For the last year or more, I kept hearing and reading the word “de-leveraging”. Companies and individuals are all busy de-leveraging. So, basically, people are saving more money, paying off their debts and spending less. Overall, it gives an impression that leveraging is undesirable and should be done away with.
Marc Faber famously said that, in Asia, the family run businesses in Hong Kong and Singapore have very little debt. Many rich families in Singapore do not have any mortgages. He thinks that Asian real estate will continue to do well. This gels with what Jim Rogers thinks about how we should own some real estate and he, in a recent interview in New York, actually said that he would buy some US real estate now if he were staying there.
We should also buy other tangible assets which would keep pace with or grow faster than inflation and protect or grow our wealth in the process. However, most of us are not in the same league as Marc Faber or the rich families he mentioned.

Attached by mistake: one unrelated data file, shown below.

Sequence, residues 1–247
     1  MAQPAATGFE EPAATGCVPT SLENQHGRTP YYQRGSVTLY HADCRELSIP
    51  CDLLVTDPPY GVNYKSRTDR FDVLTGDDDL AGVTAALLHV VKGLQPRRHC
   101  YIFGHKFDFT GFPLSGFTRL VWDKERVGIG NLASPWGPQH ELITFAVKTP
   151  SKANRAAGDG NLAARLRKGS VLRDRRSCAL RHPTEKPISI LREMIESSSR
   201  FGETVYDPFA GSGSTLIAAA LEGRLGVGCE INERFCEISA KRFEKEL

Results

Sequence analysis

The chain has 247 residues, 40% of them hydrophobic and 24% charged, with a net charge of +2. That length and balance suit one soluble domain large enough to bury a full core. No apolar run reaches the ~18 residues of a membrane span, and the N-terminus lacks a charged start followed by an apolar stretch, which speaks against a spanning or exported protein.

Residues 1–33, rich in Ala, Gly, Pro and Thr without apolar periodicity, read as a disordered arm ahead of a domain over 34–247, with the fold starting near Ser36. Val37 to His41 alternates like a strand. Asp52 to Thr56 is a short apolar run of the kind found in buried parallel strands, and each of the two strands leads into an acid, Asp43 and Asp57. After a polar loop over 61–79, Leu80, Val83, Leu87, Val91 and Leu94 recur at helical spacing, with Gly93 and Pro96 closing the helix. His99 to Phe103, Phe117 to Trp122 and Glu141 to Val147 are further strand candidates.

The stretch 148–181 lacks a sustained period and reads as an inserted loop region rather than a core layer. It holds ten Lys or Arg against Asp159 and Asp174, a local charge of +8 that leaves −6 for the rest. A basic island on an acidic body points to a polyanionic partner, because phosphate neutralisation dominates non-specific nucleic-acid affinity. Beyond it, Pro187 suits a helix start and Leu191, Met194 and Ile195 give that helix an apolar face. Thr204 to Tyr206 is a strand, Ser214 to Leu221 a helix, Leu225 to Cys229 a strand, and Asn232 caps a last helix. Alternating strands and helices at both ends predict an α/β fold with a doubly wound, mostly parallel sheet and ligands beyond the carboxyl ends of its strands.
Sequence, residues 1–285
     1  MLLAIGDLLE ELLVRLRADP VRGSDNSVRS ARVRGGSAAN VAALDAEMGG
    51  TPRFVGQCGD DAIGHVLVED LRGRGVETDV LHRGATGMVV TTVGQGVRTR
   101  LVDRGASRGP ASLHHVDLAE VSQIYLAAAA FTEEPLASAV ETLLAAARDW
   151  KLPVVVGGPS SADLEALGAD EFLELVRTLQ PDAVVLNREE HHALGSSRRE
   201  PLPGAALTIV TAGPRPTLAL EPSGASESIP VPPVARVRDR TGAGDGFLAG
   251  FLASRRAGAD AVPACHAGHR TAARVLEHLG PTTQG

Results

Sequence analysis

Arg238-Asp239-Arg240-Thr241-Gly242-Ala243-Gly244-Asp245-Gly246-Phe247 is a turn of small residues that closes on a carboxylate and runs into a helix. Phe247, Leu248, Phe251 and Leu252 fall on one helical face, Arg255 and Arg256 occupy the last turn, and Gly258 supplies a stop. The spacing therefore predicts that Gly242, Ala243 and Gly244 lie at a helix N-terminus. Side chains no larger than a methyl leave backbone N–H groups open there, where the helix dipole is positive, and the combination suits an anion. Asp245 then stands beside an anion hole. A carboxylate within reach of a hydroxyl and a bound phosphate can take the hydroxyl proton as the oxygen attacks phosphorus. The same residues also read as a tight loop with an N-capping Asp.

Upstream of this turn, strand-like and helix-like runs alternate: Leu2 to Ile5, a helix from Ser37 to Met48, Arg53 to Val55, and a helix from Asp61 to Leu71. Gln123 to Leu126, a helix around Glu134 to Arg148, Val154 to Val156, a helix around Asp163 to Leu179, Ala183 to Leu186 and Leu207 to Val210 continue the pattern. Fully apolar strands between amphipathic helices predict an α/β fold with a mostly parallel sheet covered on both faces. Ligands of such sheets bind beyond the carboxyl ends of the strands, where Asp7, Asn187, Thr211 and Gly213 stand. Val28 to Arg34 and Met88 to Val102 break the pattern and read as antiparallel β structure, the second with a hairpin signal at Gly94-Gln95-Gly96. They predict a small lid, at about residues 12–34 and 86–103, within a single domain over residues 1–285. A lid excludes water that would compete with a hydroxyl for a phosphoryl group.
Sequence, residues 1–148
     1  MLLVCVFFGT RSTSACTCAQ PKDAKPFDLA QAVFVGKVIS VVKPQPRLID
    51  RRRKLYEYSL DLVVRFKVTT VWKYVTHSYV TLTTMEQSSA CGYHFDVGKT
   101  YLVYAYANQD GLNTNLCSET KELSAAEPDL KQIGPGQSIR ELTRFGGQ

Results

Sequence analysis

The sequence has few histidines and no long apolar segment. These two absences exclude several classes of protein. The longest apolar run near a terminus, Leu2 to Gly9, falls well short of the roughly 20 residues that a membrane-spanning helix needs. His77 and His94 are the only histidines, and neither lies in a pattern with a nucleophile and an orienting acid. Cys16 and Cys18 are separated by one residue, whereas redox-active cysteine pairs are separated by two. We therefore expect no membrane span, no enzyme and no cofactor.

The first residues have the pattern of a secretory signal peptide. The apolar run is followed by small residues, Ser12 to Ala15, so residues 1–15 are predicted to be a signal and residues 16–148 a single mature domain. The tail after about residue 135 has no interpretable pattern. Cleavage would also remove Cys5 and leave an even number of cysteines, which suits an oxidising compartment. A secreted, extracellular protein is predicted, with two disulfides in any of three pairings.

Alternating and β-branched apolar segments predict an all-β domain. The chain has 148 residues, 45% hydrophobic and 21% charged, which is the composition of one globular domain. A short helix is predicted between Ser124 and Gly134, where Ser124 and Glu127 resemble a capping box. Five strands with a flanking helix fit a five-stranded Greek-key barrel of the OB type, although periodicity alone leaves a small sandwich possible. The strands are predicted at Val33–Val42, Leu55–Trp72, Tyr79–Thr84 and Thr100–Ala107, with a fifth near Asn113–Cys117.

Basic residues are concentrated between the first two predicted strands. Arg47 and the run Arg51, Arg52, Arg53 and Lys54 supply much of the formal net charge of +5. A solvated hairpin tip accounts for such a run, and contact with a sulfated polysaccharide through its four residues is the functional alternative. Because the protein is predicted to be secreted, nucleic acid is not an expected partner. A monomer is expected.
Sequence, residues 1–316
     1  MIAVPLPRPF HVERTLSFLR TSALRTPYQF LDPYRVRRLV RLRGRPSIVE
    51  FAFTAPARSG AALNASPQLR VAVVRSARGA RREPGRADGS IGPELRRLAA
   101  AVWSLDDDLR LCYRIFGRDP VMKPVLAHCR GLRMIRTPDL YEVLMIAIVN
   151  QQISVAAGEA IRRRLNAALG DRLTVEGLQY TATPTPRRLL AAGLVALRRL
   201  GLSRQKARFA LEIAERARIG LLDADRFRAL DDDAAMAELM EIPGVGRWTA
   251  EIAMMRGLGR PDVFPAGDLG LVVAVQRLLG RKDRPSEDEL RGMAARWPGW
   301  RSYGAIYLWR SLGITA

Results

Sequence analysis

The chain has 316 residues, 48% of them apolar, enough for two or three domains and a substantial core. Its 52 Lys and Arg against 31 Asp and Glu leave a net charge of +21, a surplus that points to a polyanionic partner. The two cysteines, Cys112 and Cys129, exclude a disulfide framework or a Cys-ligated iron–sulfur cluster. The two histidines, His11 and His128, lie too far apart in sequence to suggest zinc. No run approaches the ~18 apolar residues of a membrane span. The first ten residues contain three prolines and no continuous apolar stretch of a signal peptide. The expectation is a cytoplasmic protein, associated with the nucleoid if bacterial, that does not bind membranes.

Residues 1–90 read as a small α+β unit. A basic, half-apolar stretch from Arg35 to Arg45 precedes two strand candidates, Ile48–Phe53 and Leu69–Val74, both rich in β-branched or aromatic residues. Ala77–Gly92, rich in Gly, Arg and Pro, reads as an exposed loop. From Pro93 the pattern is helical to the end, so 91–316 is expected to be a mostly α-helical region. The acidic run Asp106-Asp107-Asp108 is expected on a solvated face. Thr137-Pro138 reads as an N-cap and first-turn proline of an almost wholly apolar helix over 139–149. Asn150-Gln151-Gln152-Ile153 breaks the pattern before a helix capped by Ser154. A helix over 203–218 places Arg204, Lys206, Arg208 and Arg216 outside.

So, what are we to do if we want a piece of the action and own some Asian real estate? Do we work very hard to save money before we buy that piece of real estate? 100% cash upfront and without a housing loan? Or do we put down 20% and borrow 80%?
Quite simply, like any other investment, the answer lies in timing. Buy when the market is depressed or just turning up and hold for the long term. If you believe that the world is going to see extraordinary inflation in future, this is one thing we should do if we have the means. If we have the money, pay 100% cash upfront. If we only have 20% to